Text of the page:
Tetrathiatriarylmethyl (TAM) radicals are commonly used as oximetry probes for electron paramagnetic resonance imaging applications. In this study, the electronic properties and the thermodynamic preferences for O2 addition to various TAM-type triarylmethyl (trityl) radicals were theoretically investigated. The radicals' stability in the presence of O2 and biological milieu was also experimentally assessed using EPR spectroscopy. Results show that H substitution on the aromatic ring affects the trityl radical's stability (tricarboxylate salt 1-CO2Na > triester 1-CO2Et > diester 2-CO2Et > monoester 3-CO 2Et) and may lead to substitution reactions in cellular systems. We propose that this degradation process involves an arylperoxyl radical that can further decompose to alcohol or quinone products. This study demonstrates how computational chemistry can be used as a tool to rationalize radical stability in the redox environment of biological systems and aid in the future design of more biostable trityl radicals.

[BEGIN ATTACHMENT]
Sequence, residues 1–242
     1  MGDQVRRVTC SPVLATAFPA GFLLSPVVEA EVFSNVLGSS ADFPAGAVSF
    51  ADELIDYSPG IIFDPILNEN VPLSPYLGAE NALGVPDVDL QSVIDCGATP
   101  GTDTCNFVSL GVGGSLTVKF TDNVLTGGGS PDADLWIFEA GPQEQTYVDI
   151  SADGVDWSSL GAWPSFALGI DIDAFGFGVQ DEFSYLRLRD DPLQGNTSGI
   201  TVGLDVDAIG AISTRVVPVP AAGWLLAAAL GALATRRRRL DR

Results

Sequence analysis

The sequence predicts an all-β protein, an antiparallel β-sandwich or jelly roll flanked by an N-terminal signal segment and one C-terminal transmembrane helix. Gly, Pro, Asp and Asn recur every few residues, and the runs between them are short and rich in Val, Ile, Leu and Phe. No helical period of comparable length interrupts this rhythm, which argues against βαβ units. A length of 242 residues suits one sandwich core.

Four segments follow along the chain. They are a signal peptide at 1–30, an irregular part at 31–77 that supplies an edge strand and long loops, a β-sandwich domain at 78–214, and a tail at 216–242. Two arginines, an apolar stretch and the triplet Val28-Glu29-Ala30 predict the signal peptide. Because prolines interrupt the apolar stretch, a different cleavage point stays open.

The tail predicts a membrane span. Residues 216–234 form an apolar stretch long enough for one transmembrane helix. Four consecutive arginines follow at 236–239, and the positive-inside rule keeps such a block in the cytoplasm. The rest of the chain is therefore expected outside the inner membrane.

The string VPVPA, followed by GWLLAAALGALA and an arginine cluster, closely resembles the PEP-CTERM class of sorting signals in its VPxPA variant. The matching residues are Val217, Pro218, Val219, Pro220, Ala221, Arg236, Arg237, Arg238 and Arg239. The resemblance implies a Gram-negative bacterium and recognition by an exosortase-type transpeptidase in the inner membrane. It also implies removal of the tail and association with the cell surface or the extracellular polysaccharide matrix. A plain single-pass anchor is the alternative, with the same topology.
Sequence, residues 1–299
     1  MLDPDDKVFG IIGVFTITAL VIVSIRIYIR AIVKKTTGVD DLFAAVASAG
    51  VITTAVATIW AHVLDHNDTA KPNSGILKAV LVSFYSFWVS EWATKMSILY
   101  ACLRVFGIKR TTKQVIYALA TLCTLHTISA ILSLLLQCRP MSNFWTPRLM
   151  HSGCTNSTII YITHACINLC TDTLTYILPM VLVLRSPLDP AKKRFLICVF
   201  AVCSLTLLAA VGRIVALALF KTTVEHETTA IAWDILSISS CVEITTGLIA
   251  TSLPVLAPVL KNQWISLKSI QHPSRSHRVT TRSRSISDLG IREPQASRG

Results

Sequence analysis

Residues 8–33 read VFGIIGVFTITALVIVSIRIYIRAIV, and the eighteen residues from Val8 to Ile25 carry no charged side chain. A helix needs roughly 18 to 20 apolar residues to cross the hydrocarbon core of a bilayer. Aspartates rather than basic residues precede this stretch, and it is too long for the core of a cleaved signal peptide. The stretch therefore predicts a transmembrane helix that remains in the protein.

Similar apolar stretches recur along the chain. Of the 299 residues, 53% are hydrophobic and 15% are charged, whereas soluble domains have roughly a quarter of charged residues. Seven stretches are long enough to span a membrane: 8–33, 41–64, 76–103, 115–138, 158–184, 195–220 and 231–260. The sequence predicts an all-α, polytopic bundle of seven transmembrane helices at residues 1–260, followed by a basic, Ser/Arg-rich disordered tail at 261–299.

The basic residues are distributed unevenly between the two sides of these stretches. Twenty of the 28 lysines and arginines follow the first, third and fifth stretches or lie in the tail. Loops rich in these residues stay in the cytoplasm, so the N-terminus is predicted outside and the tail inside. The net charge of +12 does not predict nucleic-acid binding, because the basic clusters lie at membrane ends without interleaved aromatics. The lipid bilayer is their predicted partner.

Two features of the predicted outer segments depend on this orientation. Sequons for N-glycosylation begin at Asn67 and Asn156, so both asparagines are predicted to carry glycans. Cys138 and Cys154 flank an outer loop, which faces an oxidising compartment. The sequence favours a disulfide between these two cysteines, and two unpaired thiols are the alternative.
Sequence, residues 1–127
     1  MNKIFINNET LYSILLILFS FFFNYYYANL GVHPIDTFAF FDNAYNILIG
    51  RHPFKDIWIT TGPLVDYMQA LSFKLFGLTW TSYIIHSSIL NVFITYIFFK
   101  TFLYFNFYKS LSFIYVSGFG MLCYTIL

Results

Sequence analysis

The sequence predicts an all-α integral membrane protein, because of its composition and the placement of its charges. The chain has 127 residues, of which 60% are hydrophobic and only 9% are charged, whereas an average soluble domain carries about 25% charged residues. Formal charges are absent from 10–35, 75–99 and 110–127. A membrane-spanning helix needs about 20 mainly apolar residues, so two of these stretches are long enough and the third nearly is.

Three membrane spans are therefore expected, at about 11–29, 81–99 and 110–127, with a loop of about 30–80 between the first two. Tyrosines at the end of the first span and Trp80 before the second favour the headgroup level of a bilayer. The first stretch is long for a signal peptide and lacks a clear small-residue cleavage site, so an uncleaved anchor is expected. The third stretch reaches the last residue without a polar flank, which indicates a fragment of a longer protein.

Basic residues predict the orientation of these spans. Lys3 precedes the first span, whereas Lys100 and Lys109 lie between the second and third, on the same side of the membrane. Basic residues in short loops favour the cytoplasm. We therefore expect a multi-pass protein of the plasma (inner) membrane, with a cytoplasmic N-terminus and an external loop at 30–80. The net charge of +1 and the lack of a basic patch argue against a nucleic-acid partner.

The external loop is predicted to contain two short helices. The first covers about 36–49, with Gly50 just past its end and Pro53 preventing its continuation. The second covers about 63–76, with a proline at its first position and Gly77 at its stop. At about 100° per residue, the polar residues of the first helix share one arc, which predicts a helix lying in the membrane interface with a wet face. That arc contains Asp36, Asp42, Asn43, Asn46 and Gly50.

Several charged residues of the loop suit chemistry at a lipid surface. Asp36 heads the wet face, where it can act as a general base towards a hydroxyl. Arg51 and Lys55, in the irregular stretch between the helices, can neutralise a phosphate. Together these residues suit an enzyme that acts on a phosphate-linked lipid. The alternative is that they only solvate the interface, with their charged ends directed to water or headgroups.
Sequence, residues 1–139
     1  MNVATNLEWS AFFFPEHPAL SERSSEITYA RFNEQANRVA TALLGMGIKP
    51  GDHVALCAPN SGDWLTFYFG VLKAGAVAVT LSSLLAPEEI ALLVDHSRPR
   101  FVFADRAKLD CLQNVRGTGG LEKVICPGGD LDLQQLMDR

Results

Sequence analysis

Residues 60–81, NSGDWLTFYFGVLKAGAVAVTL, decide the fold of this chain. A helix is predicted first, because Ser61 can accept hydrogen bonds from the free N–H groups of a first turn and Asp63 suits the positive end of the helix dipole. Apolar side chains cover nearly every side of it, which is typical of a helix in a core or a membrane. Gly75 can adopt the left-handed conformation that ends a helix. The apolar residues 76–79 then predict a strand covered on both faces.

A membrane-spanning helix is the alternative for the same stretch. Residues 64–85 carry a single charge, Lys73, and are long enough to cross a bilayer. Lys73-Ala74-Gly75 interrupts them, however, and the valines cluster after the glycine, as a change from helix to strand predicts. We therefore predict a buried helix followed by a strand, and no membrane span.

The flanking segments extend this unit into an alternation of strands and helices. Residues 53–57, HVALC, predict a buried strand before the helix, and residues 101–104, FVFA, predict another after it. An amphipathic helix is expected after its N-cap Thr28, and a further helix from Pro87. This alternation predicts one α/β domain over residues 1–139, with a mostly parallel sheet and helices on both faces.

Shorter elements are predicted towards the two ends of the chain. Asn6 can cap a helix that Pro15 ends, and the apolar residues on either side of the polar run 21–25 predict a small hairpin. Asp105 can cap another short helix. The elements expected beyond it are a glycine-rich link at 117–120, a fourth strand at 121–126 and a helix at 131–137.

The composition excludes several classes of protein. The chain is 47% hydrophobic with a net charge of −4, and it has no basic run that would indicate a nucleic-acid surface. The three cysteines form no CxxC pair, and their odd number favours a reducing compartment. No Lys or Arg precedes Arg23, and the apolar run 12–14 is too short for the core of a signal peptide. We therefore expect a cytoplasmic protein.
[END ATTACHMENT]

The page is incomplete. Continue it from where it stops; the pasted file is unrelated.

ASJC Scopus subject areas
- Organic Chemistry